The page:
One of the really important things, especially for the more senior roles, is the less technical or softer skills that become more and more important. We need to have a more balanced approach to how we train people.

Maybe you do one year where you specialise in being a data scientist, but there needs to be broader understanding of the whole technology landscape before you get to that. You need to understand how you capture data through applications, business processes in relation to data – there are lots of things you need to understand before you can be really valuable as a data scientist.

In the technology space, people are always looking if a role is going to enhance their career opportunities in the future and what might those career opportunities be in the organisation. Rather than just having someone work on a narrow thing, look at how that could be expanded so he or she can do more interesting things. So it’s also about marketing these other benefits of working in your organisation.

Ajay Bhatia, CIO at Carsales.com.au


Firstly, I’m not surprised they haven’t found anyone.

To me, top talent cannot be boxed inside a specific skillset. I’ve always strongly believed in hiring people who can work beyond the brief. If that’s the kind of people you want, then putting them into this box of five years’ experience and a master in analytics just doesn’t seem right.

We are in a fast moving world, the skillsets are always changing. And it’s about people’s ability to learn fast, rather than having lots and lots of very specific experience.

If the organisation wants to bring product fast to market and needs to employ top talent to do that, then it needs to employ people who can work beyond the brief. Yes, their skillset may be data analytics that you’ve allocated to them, but there may be many times you would need to ask them to work beyond that on a day to day basis.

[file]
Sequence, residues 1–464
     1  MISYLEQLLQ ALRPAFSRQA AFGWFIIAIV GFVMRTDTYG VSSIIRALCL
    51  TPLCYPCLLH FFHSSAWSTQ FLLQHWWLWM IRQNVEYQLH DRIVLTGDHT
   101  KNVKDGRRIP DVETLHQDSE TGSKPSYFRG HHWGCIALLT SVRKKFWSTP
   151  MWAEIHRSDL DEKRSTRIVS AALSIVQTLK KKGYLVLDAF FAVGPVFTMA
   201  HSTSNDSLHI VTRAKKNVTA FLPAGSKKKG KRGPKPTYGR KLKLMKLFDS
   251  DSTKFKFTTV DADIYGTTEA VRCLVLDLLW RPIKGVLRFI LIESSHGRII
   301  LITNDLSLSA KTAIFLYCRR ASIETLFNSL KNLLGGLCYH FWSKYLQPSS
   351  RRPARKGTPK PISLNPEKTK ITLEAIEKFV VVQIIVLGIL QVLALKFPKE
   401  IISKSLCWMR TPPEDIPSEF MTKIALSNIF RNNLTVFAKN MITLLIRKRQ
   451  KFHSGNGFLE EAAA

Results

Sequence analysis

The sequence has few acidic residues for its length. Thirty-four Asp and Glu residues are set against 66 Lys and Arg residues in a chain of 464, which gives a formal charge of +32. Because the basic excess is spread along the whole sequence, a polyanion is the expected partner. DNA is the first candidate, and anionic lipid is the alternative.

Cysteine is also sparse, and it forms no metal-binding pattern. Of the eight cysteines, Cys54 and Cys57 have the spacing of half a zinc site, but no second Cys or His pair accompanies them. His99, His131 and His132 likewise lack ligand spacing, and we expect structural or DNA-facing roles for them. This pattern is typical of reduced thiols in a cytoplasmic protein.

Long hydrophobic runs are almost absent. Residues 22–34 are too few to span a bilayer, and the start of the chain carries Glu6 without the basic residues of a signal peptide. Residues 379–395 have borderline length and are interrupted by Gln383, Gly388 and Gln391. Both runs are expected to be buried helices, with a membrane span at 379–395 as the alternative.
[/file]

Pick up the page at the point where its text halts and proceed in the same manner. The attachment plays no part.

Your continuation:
Asking for such specific experience at the expense of their IQ or EQ, is just not right. And by IQ and EQ I mean potential and the ability to learn things on the fly.

What does top talent really look for in an organisation or a job? To me, the first one is diversity in the role. I think diversity is one of those needs that every human has. It’s learning itself that keeps top talent going.

My observation around this over many, many years is when top talent stops learning that’s exactly the point they start thinking about moving on. So to be asking someone to do what they have been doing for the last five years isn’t really the best way to recruit this this scenario.

Give them variety in their roles; give them skill sets that will make it easier for them to get the next job. It’s not necessarily a bad thing that top talent comes in and say after three years moves on. If you haven’t been able to offer them that career path, that will happen.

At Carsales, I’ve found at least four or five cases where top talent has left us for those sort of opportunities, but they have come back to us in a year or two’s time. You don’t own anyone for life. People come back, and if they don’t come back they recommend you as an organisation to someone else.

The other problem is to do with process. This is my own observation, which might be a little bit controversial: As process goes up, the organisation’s attractiveness to top talent goes down. As process goes up, decentralisation increases.

What happens is if you want to do a new project you need to ask the data analyst, then the PM (project manager), then the product manager, the CIO and CTO, etc. People sitting in niche roles are getting frustrated through the entire process.

It slows the organisation down, and top talent never likes an organisation that is slow to make decisions. That’s why I’ve seen a lot of top talent start to work with startups these days and not wanting to work for larger organisations. They either start their own startups or they join a startup.